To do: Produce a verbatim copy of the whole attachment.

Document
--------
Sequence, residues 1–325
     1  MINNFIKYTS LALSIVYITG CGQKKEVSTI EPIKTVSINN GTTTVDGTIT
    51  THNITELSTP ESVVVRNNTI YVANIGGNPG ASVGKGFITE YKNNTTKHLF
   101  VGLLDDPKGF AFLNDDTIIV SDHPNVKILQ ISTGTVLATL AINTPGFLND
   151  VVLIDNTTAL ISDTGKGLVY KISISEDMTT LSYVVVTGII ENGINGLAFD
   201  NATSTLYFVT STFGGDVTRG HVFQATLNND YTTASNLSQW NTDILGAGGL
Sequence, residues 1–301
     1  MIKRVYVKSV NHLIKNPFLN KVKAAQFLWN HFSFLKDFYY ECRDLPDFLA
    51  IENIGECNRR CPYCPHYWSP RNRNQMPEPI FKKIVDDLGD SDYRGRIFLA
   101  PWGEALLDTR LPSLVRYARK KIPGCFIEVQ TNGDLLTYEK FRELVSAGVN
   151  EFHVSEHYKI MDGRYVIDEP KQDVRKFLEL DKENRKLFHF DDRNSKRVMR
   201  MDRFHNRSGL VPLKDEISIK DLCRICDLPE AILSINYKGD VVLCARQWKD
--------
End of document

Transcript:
Sequence, residues 1–325
     1  MINNFIKYTS LALSIVYITG CGQKKEVSTI EPIKTVSINN GTTTVDGTIT
    51  THNITELSTP ESVVVRNNTI YVANIGGNPG ASVGKGFITE YKNNTTKHLF
   101  VGLLDDPKGF AFLNDDTIIV SDHPNVKILQ ISTGTVLATL AINTPGFLND
   151  VVLIDNTTAL ISDTGKGLVY KISISEDMTT LSYVVVTGII ENGINGLAFD
   201  NATSTLYFVT STFGGDVTRG HVFQATLNND YTTASNLSQW NTDILGAGGL
Sequence, residues 1–301
     1  MIKRVYVKSV NHLIKNPFLN KVKAAQFLWN HFSFLKDFYY ECRDLPDFLA
    51  IENIGECNRR CPYCPHYWSP RNRNQMPEPI FKKIVDDLGD SDYRGRIFLA
   101  PWGEALLDTR LPSLVRYARK KIPGCFIEVQ TNGDLLTYEK FRELVSAGVN
   151  EFHVSEHYKI MDGRYVIDEP KQDVRKFLEL DKENRKLFHF DDRNSKRVMR
   201  MDRFHNRSGL VPLKDEISIK DLCRICDLPE AILSINYKGD VVLCARQWKD